Istituto di Geoscienze e Georisorse     
D'Orazio M., Innocenti F., Tonarini S., Doglioni C. Carbonatites in a subduction system: The Oleistocene alvikites from Mt. Vulture (southern Italy). In: Lithos, vol. 98 (1-4) pp. 313 - 334. Elsevier, 2007.
We report here, for the first time, on the new finding of extrusive calciocarbonatite (alvikite) rocks from the Pleistocene Mt. Vulture volcano (southern Italy). These volcanic rocks, which represent an outstanding occurrence in the wider scenario of the Italian potassic magmatism, form lavas, pyroclastic deposits, and feeder dikes exposed on the northern slope of the volcano. The petrography, mineralogy and whole-rock chemistry attest the genuine carbonatitic nature of these rocks, that are characterized by high to very high contents of Sr, Ba, U, LREE, Nb, P, F, Th, high Nb/Ta and LREE/HREE ratios, and low contents of Ti, Zr, K, Rb, Na and Cs. The O-C isotope compositions are close to the "primary igneous carbonatite" field and, thus, are compatible with an ultimate mantle origin for these rocks. The Sr-Nd-Pb-B isotope compositions, measured both in the alvikites and in the silicate volcanic rocks, indicate a close genetic relationship between the alvikites and the associated melilitite/nephelinite rocks. Furthermore, these latter products are geochemically distinct from the main foiditic-phonolitic association of Mt. Vulture. We propose a petrogenetic/geodynamic interpretation which has important implications for understanding the relationships between carbonatites and orogenic activity. In particular, we propose that the studied alvikites are generated through liquid unmixing at crustal levels, starting from nephelinitic or melilititic parent liquids. These latter were produced in a hybrid mantle resulting from the interaction through a vertical slab window, between a metasomatized mantle wedge, moving eastward from the Tyrrhenian/Campanian region, and the local Adriatic mantle. The occurrence of carbonatite rocks at Mt. Vulture, that lies on the leading edge of the Southern Apennines accretionary prism, is taken as an evidence for the carbonatation of the mantle sources of this volcano. We speculate that mantle carbonatation is related to the introduction of sedimentary carbon from the Adriatic lithosphere during Tertiary subduction.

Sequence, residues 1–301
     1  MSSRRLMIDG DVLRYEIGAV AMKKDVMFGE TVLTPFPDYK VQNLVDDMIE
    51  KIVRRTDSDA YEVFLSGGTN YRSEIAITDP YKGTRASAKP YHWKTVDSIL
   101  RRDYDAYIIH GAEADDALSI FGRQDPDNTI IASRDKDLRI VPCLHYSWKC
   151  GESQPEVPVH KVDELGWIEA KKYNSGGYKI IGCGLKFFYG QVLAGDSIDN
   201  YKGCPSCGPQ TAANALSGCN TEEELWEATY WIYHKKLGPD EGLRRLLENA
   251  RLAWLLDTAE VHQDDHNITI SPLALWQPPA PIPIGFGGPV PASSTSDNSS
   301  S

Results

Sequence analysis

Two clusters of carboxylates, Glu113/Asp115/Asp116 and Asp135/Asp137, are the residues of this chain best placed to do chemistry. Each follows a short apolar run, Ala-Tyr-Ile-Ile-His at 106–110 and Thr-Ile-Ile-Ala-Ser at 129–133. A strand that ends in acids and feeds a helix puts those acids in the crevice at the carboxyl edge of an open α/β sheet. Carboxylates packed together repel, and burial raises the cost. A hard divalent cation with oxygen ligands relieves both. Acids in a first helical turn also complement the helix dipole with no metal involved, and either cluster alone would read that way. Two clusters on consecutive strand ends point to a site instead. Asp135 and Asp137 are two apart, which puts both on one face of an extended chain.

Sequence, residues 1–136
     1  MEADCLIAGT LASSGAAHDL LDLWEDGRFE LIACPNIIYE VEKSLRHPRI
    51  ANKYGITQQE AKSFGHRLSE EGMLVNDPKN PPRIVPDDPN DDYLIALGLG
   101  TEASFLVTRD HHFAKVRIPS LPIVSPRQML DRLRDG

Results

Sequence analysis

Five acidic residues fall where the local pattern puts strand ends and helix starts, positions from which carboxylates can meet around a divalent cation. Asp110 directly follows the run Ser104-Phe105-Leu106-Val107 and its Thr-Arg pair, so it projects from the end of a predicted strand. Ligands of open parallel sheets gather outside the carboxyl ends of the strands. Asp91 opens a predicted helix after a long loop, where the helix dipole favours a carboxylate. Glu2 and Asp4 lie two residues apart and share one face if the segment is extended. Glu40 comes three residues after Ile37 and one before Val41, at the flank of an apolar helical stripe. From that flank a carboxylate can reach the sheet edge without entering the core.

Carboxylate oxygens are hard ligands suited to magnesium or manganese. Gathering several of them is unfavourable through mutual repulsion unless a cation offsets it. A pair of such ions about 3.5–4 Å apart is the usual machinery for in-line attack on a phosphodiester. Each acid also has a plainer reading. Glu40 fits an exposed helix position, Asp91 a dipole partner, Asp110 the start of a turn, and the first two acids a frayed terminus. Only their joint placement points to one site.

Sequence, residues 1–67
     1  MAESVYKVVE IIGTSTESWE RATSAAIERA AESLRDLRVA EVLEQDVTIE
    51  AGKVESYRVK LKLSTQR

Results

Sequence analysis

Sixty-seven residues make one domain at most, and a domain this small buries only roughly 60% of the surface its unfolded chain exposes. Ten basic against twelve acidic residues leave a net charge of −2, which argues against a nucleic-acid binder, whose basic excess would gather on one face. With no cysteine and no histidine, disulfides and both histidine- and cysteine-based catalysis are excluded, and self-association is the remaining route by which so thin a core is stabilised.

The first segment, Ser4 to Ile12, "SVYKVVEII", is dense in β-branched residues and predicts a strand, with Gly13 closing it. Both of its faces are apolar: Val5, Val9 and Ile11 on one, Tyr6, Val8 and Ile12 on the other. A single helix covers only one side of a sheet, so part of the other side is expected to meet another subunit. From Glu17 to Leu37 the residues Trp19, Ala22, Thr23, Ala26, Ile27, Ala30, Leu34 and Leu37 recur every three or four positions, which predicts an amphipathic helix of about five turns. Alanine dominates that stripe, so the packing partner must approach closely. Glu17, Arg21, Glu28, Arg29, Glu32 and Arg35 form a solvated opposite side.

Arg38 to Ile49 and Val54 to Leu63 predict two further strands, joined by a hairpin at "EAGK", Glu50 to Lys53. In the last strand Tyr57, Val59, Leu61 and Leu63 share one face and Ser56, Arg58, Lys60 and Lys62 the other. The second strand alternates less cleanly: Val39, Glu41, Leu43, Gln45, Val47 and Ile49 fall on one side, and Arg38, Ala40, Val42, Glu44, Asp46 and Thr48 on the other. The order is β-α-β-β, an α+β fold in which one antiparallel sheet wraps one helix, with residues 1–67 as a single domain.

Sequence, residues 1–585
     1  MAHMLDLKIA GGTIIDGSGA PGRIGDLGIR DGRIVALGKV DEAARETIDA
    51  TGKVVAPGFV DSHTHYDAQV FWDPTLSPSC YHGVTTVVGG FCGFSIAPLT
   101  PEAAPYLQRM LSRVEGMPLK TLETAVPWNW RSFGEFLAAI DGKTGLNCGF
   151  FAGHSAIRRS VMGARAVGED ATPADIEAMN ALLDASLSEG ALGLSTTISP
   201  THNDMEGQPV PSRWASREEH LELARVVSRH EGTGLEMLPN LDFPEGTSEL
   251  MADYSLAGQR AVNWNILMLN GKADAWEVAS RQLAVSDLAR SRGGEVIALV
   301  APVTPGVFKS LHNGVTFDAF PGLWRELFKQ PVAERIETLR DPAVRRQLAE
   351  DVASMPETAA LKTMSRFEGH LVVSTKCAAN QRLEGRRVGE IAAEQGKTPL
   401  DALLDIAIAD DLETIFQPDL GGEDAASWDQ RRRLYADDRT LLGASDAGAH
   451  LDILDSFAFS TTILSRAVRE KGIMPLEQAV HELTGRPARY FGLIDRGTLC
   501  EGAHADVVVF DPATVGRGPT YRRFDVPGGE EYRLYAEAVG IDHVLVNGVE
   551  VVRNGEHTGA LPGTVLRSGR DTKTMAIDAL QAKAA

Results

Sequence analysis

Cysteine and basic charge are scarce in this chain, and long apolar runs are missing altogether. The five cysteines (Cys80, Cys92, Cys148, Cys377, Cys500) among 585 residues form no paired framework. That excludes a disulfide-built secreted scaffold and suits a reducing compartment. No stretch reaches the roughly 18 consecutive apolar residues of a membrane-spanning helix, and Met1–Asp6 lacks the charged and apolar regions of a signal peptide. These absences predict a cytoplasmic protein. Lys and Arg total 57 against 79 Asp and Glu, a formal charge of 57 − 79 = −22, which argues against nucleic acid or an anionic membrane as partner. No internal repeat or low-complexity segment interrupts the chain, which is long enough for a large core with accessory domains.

URL: http://https://www.journals.elsevier.com/lithos
Subject mount Vulture
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